In a new report for the Center for International Media Assistance, Marius Dragomir and a group of MJRC experts analyze the impactful ways that the private sector in CEE is engaging in efforts to counter disinformation and bolster independent journalism. The research consisted of two phases: one global mapping of good practices of engagement between private businesses and independent journalism, followed by an in-depth country-focused research that analyzed three countries in Eastern Europe: Czechia, Romania and Serbia.

The report highlights that the media sectors in these three countries have much to share, including a similar trajectory of reform following the fall of communism in the region and also the challenges media capture has wrought on media independence and freedom in the area over the past decade. Another common trait revealed by the research is that the private sector has not been a prominent actor in protecting information integrity and supporting independent media in CEE. This situation must change in order to build a healthy media ecosystem that is an indispensable condition for ethical businesses to thrive, concludes the report. Furthermore, to navigate the local political and economic context, businesses need access to independently produced news and information. Finally, in media markets where information is weaponized and mis- and dis- information are rampant, businesses find it extremely difficult to protect their brands, names, and reputations. The report shows that the more captured a media environment becomes, the less receptive private businesses are to engage with independent news outlets.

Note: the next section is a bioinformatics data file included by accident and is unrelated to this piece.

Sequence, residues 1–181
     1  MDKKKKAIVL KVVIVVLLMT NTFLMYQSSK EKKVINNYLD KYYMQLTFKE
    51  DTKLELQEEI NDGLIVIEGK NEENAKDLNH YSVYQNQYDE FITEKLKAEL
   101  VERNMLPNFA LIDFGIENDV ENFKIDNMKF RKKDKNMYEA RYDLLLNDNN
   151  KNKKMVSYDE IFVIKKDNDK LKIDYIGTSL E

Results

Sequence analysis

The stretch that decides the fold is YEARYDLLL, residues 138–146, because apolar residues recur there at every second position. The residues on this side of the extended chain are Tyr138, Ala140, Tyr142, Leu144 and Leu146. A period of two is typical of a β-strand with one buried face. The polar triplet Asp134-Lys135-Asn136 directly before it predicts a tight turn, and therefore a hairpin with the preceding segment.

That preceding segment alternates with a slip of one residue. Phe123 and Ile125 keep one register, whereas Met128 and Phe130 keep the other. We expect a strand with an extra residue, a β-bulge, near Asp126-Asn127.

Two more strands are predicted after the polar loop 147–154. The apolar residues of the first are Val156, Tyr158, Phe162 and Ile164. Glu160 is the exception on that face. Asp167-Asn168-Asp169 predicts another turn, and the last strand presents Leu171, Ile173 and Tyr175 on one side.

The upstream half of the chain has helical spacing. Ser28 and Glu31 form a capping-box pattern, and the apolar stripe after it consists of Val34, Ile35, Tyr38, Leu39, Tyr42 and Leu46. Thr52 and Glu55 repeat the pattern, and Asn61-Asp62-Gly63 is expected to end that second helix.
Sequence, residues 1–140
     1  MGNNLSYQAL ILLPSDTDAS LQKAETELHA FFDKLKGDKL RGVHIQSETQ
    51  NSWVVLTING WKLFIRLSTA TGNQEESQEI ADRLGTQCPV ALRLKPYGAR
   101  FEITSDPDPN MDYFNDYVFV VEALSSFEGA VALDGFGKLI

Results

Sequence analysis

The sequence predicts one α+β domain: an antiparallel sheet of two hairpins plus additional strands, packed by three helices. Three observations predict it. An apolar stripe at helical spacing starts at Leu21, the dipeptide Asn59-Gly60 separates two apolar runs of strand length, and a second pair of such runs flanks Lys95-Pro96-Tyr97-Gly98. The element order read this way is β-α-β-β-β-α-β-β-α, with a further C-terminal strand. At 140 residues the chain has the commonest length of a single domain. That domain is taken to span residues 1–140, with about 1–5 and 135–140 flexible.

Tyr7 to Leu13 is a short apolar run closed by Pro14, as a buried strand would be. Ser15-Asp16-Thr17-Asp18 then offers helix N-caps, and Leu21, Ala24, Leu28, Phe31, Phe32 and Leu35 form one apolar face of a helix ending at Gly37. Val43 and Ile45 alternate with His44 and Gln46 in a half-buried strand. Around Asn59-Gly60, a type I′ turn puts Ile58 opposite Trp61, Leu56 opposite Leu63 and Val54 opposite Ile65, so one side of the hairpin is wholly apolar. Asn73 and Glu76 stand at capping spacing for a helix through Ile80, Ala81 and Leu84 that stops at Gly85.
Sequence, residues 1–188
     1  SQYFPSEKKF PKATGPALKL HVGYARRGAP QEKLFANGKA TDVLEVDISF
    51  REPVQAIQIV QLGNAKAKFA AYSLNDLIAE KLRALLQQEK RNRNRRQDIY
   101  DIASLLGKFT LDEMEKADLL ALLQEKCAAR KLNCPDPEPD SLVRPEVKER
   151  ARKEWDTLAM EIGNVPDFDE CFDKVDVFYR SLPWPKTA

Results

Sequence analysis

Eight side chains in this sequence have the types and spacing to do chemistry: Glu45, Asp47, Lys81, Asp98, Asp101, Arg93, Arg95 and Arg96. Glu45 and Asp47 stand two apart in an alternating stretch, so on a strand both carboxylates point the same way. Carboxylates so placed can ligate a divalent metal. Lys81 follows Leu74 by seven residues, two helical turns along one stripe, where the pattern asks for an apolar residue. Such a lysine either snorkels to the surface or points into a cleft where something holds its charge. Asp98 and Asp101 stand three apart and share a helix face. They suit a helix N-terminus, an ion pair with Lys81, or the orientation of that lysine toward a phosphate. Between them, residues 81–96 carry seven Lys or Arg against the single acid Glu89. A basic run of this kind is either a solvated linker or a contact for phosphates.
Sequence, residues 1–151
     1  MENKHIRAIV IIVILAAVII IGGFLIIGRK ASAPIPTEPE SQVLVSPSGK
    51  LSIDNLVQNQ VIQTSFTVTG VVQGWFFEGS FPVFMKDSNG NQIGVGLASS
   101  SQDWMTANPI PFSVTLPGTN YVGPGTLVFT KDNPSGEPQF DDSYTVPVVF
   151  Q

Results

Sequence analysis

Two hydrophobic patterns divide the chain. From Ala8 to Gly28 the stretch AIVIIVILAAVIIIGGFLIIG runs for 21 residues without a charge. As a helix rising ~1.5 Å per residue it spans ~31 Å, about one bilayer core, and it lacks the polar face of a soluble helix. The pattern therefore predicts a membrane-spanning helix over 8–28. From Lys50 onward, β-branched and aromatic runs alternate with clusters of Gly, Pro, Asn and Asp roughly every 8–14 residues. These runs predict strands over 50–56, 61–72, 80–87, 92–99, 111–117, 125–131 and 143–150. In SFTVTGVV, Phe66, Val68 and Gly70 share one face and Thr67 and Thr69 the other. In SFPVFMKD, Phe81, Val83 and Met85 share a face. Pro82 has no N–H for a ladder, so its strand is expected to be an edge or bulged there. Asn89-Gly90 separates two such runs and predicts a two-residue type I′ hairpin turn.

As such, to counteract many of the challenges mentioned before, the research maps initiatives with a view to identifying avenues for private sector investment in countering disinformation and supporting independent journalism, the incentives driving such engagement, and the barriers limiting it. The report examines three tiers of support, ranging from tokenism (sponsorship of workshops, prizes, covering journalism production costs like printing, travel, and software fees) to investments in quality journalism (investments in media outlets or journalistic production projects) to suitable long term financial support through media endowments. 

Drawing on these initiatives, the report concludes that on the long term, the endowment model is the most resilient and effective form of support because it insulates private companies from government attacks and provides more systematicand enduring support for the independent media sector. Furthermore, experimenting with new forms of funding and fundraising presents an important opportunity for independent journalism to grow, particularly in Central and Eastern Europe. 

The report, “Investing in Facts: How the Business Community Can Support a Healthy Infosphere” was the fruit of a project financed by CIPE. The research was carried out between November 2021 and June 2022 by a team of eight researchers under the leadership of Marius Dragomir, director of the Media and Journalism Research Center. The project was based on data and information collected through secondary research and 57 interviews.

The full report can be accessed here.